[1]. I was arrested after the April, 1985 Plenum Session of the Central Committee of the CPSU, or in plain words - after Michail Gorbachev had assumed the reins of government.

       [2]. Well-known Israeli singer, representative of the "intellectual stream" on the Israeli stage.

       [3]. Nizhny Domanik - also known as "Children's Maidanek" or the "Bloody Special". Before I was there this camp had held Prisoner for Zion Grigory Geishis and the Political Prisoner Arseny Roginsky.

       [4]. “étape” - convict transport train, consisting of locomotive and a number of "Stolypin" carriages, whose compartments were designed for 8 persons, but the Soviet authorities manage to pack in 25-28 persons in each compartment, from which they are allowed out only once a day for three minutes toilet visit. Daily food rations consist of one salted herring, 0.5 pound of stale black bread, 1 cup of water. Journeys can take up to 3 months often without the prisoners being allowed out except at transfer stops where they are held in local prisons overnight.- Tr.

       [5] Article 70 of the Criminal Code of the RSFSR: "Anti-Soviet or Propaganda. Punishable by imprisonment for up to seven years.-Tr.

       [6] "Mohican" - a slang term for a Ukrainian because of the shaven head except for the single top-notch tuft of hair favoured by Ukrainian Cossacks. –Tr.

       [7] "Gesher" - Hebrew for "Bridge". Books published in Israel, of literary merit, in simple Hebrew specially adapted for students of the language. –Tr.

       [8] The main part of the Kresty Prison is in two blocks, which, if seen from above, form a cross - hence its name. One arm of the cross is the investigation isolator - the other is for convicted men, who are held there after trial until they are sent to wherever they will serve their sentences, or to the Appel Prison in Vyborg. Each arm of the cross has 500 cells. In the dark days of tsarism each cell held one or two prisoners; now they normally accommodate 8 to 12 prisoners in each cell. In addition there is a women's block, built in Soviet times, and the prison chapel which is used as a club for "balandas" - prisoners employed in the prison service.

       [9] "khimia" - the convicted person is sent to a specified place for compulsory labour, but not with deprivation of liberty, i.e. not in prison conditions, where he is paid for his work and has a fixed (fairly high) proportion of his wages deducted as a fine to be paid to the government. -Tr.

       [10] "Grapevine" - the zek's system of inter-cell communication. Its organisation and operation could well be the subject of a separate narrative account.

       [11] "across the river" - on the other bank of the River Neva, facing the Kresty Prison, stands a large building of the KGB headquarters, well-known to all Leningraders by the title "The Big House".

       [12] "Fur coat" (in Russian - shuba) is what the zeks call the gravel impregnated plaster whose surface is so rough that it is well-nigh impossible to write on it.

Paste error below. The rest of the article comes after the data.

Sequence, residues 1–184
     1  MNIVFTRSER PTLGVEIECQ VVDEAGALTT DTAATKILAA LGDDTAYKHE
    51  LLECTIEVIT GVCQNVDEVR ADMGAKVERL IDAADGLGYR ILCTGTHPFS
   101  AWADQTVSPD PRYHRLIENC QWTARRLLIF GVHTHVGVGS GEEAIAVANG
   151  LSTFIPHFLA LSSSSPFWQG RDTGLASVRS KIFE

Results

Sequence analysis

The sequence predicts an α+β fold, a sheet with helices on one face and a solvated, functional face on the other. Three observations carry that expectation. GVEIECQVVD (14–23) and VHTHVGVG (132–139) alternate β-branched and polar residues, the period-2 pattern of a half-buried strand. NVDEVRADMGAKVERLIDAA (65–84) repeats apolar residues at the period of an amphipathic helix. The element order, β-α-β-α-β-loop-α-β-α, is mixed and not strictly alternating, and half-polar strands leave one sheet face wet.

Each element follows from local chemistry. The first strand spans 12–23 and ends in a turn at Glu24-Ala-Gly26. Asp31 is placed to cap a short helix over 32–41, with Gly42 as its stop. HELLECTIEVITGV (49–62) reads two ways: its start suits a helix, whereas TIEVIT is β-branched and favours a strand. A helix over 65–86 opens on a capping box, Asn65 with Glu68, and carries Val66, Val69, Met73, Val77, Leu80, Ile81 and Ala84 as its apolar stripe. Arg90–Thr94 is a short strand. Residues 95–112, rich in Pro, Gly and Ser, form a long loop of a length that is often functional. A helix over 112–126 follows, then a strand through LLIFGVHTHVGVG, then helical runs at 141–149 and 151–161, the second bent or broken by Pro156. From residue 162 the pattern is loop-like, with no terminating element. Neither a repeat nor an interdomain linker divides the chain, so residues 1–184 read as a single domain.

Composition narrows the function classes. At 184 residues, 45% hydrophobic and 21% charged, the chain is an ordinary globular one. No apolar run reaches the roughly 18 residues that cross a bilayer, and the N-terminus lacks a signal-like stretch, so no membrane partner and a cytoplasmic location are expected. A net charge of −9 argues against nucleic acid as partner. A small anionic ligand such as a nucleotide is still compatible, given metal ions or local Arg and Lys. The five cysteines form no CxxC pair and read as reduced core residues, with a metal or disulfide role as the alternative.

[13] "Coffin" - an indispensable part of Soviet prisons. It consists of an iron-clad box with just enough room for one person, a door and a lock. You might be called to the investigator who is still busy with someone else. You can't be left in the corridor - you might meet a "trusty" or hear or see something or someone undesirable and you can't be left unsupervised. To take you back to your cell and bring you out again when the investigator is free would be too cumbersome. So, in such cases (and sometimes purely out of spite or as a punishment), they put you in one of these "coffins" fixed vertically to the walls of the prison until your turn comes.

       [14] The zeks are also encouraged to inform on the screws. This method of "being established on the road to reform" was proposed to me in the "operative" section of Domanik precisely three days after my arrival there, i.e. to inform about the illegal activities of the sergeants, such as selling vodka or tea to the zeks. My refusal astonished and offended the lieutenant. "You're not very intelligent! You surely can't be that crazy?”

       [15] The days have gone when the zeks, as in Solzhenitsyn's "Ivan Denisovitch" could walk freely about the camp. Those days have gone. In our more liberal time the camp-zone is fenced off into cages - called "locals", the keys to which are held by the camp-police who are recruited from the "goats". You can only walk within the confines of the "local" of your own section. It's quite a tough job to get out of the "local" to visit friends in another section or to go off to the library, the parcels office, the sanitary section or the camp shop.

       [16] In the letter I wrote the song in its original Hebrew.

       [17] "The chase" - this is the name given by the zeks to the condition known to every prisoner when you are completely laden down with the "non-prisoners' world", thoughts of home, when you think with sorrow about the past and the dangers facing the future. These thoughts linked one to the other, quickly become so obtrusive that they take complete possession of you. The old lags know about this danger and know how to avoid it, but the new boys frequently become victims of "the chase".

       [18] Religious books of all kinds are strictly forbidden in the GULAG.

       [19] Gorbachev's speech was not sent. However I did get a book of verses dedicated to Lenin and published in Tel Aviv under the auspices of the Israeli Communist Party. I read it, although it's not exactly the best reading for a prisoner in the Soviet GULAG.

       [20] The zeks usually unite in small groups (2-12 people) called "families". Inside the "family" they socialize their scanty property.

       [21] Smuggled into the camp by Galia in a way that, for the time being, must not be made public.

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